Here and there I kept catching up to the guide and his clients as he stopped to point out vegetation and rocks to them. The low ground cover and volcanic rocks made a starkly different habitat from the ones I had become accustomed to on other parts of the north island. Roland and I had taken the long way into Turangi, getting closer to the volcanoes in hopes of seeing them. That was a bust but we did get a good view of the plains leading up to the mountains. They were covered with browns and dark greens all interwoven with these beautiful little purple flowers.
After the first climb, we were still in clouds. No view for me. It was cold and misty, so I had on msot of my layers and my hat. An older German man who seemed to be hiking alone began to talk to me. He had been on this same track 20 years earlier. He had done the whole circuit around, of which the Tongariro Crossing is but a section. This time he was cycling around New Zealand. I had briefly thought about doing something like that, but abandoned it for surfing instead. From his looks, I would guess he was in his 60s. Pretty damn cool. You can see him over my left shoulder in this picture:
I waited on that hill a bit, hoping it would clear. Apparently there is a great view towards the way we came. No luck. It’s fine though, I thought the misty, foggy, cloudy day added a sense of weight and mystery to the walk. I was happy the sun was not beating down on me. One odd thing about the walk so far was the absolute stillness of the air. The day before some backpackers had cancelled trips to the crossing because of high winds near the Red Crater. Today, the forecasts still predicted winds, though lighter. Well this was certainly lighter. The day was also supposeed to clear and the weather be “fine” by the afternoon. The German made a good point, though. Without winds, who would take away all these low-lying clouds clinging to the ground?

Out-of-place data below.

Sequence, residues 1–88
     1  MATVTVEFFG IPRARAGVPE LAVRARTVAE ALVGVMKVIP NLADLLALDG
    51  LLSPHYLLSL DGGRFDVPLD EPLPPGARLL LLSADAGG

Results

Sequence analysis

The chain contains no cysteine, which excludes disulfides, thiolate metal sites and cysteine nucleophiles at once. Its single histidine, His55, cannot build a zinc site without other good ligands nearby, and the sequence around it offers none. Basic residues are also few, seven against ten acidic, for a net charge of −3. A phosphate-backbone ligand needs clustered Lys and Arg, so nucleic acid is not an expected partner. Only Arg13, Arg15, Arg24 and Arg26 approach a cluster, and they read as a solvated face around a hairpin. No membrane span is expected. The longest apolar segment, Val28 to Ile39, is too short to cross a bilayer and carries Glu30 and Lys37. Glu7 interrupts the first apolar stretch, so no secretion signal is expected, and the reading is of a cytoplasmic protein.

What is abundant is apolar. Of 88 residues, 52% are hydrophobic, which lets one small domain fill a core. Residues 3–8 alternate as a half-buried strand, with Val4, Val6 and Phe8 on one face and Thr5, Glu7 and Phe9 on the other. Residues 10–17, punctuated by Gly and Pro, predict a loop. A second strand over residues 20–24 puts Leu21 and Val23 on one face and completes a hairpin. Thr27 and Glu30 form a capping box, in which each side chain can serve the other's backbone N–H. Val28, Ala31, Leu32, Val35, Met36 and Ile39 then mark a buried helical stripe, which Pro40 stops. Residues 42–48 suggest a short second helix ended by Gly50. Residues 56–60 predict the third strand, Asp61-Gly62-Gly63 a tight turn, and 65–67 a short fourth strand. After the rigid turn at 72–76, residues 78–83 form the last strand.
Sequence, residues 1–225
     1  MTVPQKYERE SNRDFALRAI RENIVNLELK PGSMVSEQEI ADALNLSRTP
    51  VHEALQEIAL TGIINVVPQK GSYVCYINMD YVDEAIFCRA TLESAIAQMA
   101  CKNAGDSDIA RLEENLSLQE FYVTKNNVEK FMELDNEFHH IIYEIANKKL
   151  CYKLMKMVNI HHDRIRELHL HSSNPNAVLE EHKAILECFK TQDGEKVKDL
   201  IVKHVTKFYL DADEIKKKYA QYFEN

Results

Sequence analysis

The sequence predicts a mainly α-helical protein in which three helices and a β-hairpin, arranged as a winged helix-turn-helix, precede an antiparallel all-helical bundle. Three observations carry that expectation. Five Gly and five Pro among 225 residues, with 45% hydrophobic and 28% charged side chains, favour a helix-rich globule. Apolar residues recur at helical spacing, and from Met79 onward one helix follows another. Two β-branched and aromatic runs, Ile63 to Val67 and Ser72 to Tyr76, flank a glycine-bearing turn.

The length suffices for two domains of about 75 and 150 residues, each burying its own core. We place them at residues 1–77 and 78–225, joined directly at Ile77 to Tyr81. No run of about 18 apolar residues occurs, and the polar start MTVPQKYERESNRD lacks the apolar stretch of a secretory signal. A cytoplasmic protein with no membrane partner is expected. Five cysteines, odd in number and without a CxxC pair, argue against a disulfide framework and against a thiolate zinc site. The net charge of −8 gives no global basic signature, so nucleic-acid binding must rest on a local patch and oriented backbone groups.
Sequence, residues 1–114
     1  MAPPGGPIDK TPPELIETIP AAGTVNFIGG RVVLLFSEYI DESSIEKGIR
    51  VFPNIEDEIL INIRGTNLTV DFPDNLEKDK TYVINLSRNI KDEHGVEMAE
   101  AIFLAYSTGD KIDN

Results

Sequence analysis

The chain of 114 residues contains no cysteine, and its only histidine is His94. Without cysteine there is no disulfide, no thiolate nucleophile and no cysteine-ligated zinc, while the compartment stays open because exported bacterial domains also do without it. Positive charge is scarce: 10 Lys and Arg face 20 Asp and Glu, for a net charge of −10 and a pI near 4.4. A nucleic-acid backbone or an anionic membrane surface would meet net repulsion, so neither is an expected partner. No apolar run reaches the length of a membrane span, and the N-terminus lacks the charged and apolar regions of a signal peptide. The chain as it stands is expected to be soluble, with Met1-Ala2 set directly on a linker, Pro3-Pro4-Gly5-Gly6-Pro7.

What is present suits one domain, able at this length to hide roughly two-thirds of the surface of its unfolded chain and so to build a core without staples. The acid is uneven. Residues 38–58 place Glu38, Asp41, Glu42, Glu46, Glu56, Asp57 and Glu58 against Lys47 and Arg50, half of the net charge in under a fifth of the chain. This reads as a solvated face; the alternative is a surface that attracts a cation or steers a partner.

The tour guide and his companions had turned left off the main track earlier, near Soda Springs. I watched them climb over rocks through a split in the hills. I wonder what there is to see over in that direction.
Walking down from this rest stop, I seemed to be in a larger valley space – but it was hard to tell. Occasionally, clouds would part and the edge of a mountain would peek out.
Very soon after, I got another firsthand experience of the radiply changing weather. From covered in clouds,
to clear, in five minutes:
Now I could see across the crater, and it was a large space indeed.
After walking across the expanse, and climbing another hill, I was treated with the first surprise, a view:
And, turning back towards where I had just come, a view overcome with browns:
Mt. Nguarahoe looked as though it was slowly lifting its cottony skirt:
I was carrying more than your average day-walker, having packed a tent and sleeping bag and two days worth of food. My hips were beginning to feel the grind from bearing most of the weight. Though my shoulders were hurting, too, don’t get me wrong. Another small summit and another surprise. This one was better than the last. Dark red and black mounds of ash and volcanic debris piled on top of and next to each other. Dotted with the bright white of patches of snow in spots that must rarely, if ever, be reached by direct sun. I have never seen anything like this in nature. Biased as I am from years of abstract expressionism in art museums, it looked like a marvelous sculptural painting.
Walking farther along the ridge, an unreal fissure in the side becomes apparent. A gash of silvery gray running vertically in the middle, surrounded by a protruding rocky ledge. I won’t state the obvious, but let’s just say I wouldn’t be surprised if this crater gave birth to heaps of creation mythology: